Background: Whether systemic inflammation compromises the pulmonary system is largely unknown. We tested the hypothesis that chronic low-grade systemic inflammation damages alveolar wall cells.
Methods: A chronic low-grade systemic inflammatory state was induced in 8-week-old male C57/BL6J mice by administration of lipopolysaccharide (LPS, 44.4 μg/day) for a 90-day period by subcutaneous implantation of a delayed-release pellet system. Acute systemic inflammation was induced in another group of mice by a single intraperitoneal injection of LPS (125 μg/body). The lungs of mice were examined for histologic changes and genetic damage to alveolar wall cells.
Results: Chronic LPS exposure for a 30-day period or a 90-day period did not cause any obvious architectural changes in the lungs except for a mild level of alveolar macrophage infiltration. Despite the lack of architectural changes in the lung, immunofluorescence staining for γH2AX and phosphorylated 53BP1 showed that chronic LPS exposure resulted in an almost doubling of the number of DNA double-strand breaks (DSBs) in type 1 and type 2 alveolar epithelial cells and in alveolar endothelial cells. Acute LPS exposure also resulted in a doubling of the number of DSBs in type 1 and type 2 alveolar epithelial cells and in alveolar endothelial cells at 24 h, but the increased number of DSBs returned to the baseline level by 48 h.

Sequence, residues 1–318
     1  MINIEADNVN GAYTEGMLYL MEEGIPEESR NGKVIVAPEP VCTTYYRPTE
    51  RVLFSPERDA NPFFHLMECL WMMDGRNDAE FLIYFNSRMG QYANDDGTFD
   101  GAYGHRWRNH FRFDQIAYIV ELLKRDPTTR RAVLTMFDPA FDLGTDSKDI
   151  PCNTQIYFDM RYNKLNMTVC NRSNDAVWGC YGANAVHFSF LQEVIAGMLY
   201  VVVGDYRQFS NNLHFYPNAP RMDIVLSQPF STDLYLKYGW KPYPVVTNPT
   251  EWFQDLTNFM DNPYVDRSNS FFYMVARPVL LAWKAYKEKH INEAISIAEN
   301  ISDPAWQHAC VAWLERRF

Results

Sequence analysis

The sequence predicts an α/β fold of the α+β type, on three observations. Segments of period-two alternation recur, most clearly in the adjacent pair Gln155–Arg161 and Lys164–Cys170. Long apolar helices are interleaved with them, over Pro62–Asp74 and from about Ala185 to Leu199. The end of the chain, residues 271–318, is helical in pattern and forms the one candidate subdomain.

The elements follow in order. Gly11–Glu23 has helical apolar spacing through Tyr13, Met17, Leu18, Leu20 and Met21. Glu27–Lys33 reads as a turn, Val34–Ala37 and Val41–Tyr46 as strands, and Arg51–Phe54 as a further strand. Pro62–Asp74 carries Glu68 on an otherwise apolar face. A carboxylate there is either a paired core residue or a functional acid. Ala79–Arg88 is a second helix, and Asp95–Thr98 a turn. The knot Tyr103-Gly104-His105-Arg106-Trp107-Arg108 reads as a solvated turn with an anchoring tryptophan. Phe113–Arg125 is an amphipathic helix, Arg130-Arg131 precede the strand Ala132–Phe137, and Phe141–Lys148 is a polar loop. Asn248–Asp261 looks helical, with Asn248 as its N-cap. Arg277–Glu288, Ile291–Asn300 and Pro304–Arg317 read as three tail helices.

Conclusions: These results suggest that chronic systemic low-grade inflammation induces persistent DNA damage in alveolar epithelial and endothelial cells before architectural changes in the lung become evident.